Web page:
Three postdoctoral researchers, two of whom received support from NIH, have recently taken similar paths at the two research institutes, and have all been involved with innovative research projects, leading to tenure-track positions at leading universities.
Benjamin Domingue is now an assistant professor in the Graduate School of Education at Stanford University. During his time as a postdoctoral researcher with Boardman, he was supported by several funding mechanisms in an ad-hoc manner. The goal of this new program at CU Boulder is to replicate the training that Domingue received but in a more formal manner. Brooke Huibregtse, the first postdoctoral researcher appointed to the training program, said she is excited about the opportunity to integrate new approaches with her formal training in psychology.
“Investigating genetic risk factors is only one side of the coin; it is important to also consider the social context in which complex health behaviors develop,” she said. While there are now numerous research articles expanding on the study of the interaction between genes and environment, there is not a permanent training program today, according to Boardman. Reviewers noted that the strength of research from both the IBS and IBG, as well as researchers from CU Denver, was a significant factor in the decision to locate such a program at CU.
“This is an important indication that reviewers and NIH see this as the place to go to receive this very unique training,” Boardman said. “This training program will enable the next generation of scholars to tackle complex public-health issues such as increasing rates of obesity, individual differences in stress sensitivity, and complex and comorbid substance-use disorders with innovative and cutting-edge approaches.”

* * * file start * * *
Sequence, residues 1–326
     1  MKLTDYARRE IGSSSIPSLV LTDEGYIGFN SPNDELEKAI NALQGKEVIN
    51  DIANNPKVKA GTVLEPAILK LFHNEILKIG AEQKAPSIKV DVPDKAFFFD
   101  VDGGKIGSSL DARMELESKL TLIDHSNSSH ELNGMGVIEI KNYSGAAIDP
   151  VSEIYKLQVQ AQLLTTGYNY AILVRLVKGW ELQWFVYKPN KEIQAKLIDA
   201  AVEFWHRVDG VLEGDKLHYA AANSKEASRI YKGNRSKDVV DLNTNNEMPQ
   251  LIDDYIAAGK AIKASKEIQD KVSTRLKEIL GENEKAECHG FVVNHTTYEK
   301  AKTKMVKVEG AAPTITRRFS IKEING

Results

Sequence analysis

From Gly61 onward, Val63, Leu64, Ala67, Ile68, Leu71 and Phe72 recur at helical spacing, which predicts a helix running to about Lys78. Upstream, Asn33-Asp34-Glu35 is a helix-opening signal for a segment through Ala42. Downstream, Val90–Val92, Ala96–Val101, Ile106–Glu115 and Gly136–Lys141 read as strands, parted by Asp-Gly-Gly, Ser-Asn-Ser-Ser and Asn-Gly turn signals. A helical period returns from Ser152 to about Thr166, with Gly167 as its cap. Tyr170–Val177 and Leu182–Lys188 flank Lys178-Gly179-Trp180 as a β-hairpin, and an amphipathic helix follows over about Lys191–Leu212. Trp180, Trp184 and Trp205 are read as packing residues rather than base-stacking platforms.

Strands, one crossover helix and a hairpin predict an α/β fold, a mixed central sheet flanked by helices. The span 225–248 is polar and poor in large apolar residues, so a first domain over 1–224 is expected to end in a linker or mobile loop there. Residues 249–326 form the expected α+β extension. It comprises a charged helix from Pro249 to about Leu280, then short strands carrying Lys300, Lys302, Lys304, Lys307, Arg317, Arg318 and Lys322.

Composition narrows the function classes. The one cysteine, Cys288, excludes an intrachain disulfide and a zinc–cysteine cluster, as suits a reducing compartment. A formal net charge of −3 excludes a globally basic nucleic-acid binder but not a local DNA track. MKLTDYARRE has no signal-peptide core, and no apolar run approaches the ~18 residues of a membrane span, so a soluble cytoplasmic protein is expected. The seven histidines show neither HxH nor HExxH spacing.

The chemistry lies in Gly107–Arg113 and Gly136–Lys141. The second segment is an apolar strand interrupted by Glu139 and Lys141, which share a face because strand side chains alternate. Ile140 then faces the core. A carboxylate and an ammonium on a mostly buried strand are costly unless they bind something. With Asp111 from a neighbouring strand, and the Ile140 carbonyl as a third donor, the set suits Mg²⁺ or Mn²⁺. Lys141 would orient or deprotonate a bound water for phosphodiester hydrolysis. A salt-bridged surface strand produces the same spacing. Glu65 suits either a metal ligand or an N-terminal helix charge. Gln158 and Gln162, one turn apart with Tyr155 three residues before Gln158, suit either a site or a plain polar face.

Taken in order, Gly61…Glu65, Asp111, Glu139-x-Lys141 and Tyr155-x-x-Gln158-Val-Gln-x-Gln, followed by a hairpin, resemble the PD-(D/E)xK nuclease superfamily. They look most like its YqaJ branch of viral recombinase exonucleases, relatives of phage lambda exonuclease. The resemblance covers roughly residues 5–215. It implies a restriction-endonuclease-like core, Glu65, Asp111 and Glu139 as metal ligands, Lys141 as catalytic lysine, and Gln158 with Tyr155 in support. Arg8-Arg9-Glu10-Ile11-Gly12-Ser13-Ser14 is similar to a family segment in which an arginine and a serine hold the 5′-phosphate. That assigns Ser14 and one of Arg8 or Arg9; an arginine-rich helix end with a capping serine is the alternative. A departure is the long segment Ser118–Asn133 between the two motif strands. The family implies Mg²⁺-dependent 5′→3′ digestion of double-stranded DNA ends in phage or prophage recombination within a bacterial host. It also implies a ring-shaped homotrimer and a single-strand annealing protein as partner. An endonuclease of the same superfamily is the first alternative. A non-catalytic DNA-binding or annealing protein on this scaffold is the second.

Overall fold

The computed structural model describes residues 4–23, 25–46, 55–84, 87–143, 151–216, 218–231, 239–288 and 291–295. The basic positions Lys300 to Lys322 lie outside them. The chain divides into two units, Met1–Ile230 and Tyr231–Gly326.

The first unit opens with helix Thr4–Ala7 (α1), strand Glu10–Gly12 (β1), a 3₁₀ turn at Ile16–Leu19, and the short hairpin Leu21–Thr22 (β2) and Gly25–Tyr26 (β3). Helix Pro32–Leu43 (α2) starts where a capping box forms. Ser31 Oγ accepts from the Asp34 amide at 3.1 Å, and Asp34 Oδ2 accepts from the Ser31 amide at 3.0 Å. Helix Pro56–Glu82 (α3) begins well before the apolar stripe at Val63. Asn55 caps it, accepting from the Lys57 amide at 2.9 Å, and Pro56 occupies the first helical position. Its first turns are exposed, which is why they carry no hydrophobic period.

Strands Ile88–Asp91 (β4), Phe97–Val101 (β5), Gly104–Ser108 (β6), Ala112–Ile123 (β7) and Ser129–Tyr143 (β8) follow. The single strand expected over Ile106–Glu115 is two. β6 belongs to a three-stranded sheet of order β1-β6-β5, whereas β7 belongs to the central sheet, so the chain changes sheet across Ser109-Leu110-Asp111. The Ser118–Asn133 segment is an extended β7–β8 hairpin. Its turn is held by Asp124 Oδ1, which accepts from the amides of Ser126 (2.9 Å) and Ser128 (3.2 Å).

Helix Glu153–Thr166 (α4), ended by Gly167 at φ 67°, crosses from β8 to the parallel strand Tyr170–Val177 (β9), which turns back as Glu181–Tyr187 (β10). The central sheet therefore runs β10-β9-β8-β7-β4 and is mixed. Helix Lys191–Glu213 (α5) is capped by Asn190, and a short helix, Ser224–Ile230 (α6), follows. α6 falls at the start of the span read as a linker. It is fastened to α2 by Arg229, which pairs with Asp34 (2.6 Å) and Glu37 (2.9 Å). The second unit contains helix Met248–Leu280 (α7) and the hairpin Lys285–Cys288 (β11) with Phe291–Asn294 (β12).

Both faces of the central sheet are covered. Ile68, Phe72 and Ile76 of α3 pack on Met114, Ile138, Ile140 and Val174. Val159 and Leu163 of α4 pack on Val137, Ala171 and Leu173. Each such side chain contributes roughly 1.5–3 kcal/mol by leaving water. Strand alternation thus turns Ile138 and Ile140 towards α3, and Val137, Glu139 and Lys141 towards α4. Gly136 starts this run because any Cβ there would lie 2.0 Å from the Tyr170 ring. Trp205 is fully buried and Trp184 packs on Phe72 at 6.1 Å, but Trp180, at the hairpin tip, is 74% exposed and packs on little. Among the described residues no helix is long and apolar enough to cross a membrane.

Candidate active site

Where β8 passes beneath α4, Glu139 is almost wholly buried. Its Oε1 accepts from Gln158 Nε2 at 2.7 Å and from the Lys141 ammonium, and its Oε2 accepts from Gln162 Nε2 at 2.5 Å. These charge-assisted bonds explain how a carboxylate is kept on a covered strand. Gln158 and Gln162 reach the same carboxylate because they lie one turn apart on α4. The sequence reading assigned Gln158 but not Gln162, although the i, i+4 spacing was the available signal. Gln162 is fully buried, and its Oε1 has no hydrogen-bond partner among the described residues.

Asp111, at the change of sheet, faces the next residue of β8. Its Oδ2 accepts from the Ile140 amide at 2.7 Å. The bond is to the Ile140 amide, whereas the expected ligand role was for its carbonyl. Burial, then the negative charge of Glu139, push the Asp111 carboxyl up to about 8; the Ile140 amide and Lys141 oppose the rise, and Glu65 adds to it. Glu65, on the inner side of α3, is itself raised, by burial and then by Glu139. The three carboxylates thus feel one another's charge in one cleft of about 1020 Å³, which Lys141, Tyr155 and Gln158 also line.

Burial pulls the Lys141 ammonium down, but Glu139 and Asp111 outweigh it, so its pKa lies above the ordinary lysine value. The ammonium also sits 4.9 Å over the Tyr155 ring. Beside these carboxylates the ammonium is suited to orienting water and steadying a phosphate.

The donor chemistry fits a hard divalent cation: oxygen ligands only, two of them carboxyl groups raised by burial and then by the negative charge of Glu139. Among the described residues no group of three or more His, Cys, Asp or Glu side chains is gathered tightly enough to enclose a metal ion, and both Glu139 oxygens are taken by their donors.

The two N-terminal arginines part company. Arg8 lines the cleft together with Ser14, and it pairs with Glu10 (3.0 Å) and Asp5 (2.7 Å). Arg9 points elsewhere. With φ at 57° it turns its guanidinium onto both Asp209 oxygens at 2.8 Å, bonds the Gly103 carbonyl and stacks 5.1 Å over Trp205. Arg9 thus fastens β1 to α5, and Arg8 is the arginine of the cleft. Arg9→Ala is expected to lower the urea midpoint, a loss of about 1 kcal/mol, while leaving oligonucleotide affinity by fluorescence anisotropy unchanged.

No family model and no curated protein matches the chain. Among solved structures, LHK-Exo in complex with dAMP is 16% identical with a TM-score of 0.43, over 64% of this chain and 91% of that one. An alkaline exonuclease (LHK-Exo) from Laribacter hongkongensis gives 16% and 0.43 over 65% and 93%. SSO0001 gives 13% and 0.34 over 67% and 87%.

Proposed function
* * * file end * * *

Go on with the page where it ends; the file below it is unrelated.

According to the proposal, IBS faculty members have expertise in areas that could not easily be duplicated by other research institutes, including the intersection of people’s genetics and their environment and its role in health outcomes, patterns of HIV/AIDS in Africa and healthy adolescent development.
“IBG has an incredibly strong and international reputation in research on genetic factors linked to different behaviors across the life course,” Boardman said. IBG “hosts annual workshops on twin modeling and advanced statistical genetics that are among the most popular courses on this topic in the country. Indeed, following a comprehensive external evaluation of IBG, one reviewer commented that IBG is, ‘a world leader that is unique in its extensive combination of human and animal model research studies of human behavioral variation.’”
Boardman said faculty members are still determining whether to offer an academic certificate for the program. Meanwhile, the interaction between IBS and IBG researchers continues to lead to interesting studies, including “wet lab” scientists such as IBG’s Tom Johnson, who studies molecular behavioral genetics using worms and mice.
“It’s amazing what comes up when we’re all together talking about this,” Boardman said.
This article was originally publoshed on CU's A&S Magazine. The original article can be read in it's entirety here.